This is not a blog where I describe several courses, going into great detail on each morsel that entered my mouth, well, at least not exactly. This is a blog where I tell you how you should go to McClure's Barbecue on the corner of Magazine Street and Bordeaux with a friend and order "All Meat & All Sides" and be sure you are hungry .... very hungry.

With your stomachs grumbling audibly, Owner Neil McClure, or one of his attentive employees, will set before you a virtual trough of goodies which will most likely include juicy pork ribs almost falling off the bone, a heavenly-smoked portion of chicken (breast and thigh), pulled pork, crispy brisket and a plump sausage. This carnivore's heaven isn't quite complete if you don't try one (or five) of over 15 different kinds of BBQ sauce that are lined up against the wall like spice-laden sentinels.

As if that were not enough, you'll also get Pork & Pork & Beans, a creamy scoop of Four-Cheese Mac, a pile of BBQ Jambalaya, Creole Potato Salad, Molasses-Stewed Collard Greens and a large hunk of Roasted Corn & Jalapeno Cornbread.

John and I enjoyed this feast with relish and, believe it or not, managed to polish off every single bite. We will most assuredly be back...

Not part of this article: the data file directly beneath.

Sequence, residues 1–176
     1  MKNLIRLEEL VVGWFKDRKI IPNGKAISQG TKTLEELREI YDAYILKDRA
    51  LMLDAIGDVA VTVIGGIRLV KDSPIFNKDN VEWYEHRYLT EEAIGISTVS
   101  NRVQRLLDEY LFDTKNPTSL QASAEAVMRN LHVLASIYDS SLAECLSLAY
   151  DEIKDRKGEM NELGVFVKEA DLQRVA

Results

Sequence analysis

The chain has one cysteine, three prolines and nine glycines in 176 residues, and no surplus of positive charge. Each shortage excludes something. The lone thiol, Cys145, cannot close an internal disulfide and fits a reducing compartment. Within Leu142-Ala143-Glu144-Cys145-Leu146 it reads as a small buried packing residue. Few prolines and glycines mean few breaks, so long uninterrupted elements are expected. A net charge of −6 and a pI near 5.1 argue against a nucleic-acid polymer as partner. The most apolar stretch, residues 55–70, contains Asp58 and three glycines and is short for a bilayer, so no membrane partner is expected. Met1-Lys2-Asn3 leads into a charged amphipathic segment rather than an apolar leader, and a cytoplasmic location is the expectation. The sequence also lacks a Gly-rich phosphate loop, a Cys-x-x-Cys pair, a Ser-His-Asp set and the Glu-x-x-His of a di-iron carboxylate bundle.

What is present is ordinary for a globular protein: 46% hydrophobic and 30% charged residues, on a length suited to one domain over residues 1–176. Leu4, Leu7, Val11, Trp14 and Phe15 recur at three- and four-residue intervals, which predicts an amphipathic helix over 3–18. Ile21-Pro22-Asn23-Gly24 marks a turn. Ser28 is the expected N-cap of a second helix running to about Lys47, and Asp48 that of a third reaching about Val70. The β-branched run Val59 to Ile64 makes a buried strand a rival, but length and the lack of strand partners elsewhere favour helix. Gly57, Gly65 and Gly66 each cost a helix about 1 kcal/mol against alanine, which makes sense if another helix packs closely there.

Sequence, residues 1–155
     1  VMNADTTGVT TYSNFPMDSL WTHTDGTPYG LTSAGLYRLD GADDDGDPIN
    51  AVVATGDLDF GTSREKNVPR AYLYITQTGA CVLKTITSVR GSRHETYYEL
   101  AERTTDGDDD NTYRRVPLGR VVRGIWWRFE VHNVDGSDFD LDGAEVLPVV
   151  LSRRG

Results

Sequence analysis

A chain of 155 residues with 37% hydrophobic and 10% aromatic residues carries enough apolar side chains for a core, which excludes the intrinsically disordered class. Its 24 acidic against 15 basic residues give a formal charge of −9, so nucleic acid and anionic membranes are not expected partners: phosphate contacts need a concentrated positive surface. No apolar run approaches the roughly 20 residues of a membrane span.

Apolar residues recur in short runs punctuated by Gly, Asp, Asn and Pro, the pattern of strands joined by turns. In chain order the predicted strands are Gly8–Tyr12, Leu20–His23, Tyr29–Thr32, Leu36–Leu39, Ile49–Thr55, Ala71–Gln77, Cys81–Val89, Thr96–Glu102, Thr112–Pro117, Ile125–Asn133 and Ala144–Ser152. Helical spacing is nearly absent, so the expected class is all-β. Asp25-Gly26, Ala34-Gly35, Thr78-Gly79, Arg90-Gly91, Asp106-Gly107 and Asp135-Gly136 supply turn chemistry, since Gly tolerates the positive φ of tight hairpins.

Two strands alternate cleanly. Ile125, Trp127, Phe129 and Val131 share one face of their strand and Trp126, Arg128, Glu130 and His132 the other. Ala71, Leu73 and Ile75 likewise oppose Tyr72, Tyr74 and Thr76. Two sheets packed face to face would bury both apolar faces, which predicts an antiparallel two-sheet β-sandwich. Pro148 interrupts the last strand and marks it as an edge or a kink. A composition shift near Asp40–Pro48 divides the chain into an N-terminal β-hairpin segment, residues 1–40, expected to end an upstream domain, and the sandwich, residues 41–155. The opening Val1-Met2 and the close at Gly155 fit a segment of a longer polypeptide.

McClure's Barbecue on Urbanspoon

Friday, November 21, 2014

PoBoy Festival: Breaking the curse

Something, or someone, doesn't want me to go to the Oak Street Po-Boy Festival. It seems that over the past several years, fate has conspired to make me miss one of the most popular festivals of the year and it's literally, right around the corner. Severe illness, atrocious hangovers, unexpected family get-togethers, heinous women's issues and an overwhelming distaste for being packed in, teeth-by-jowl, like Bourbon Street on Mardi Gras Day, have come in between me and several hours of pure po-boy bliss. Not this year, I say (perhaps with too much confidence). This year, I have a plan.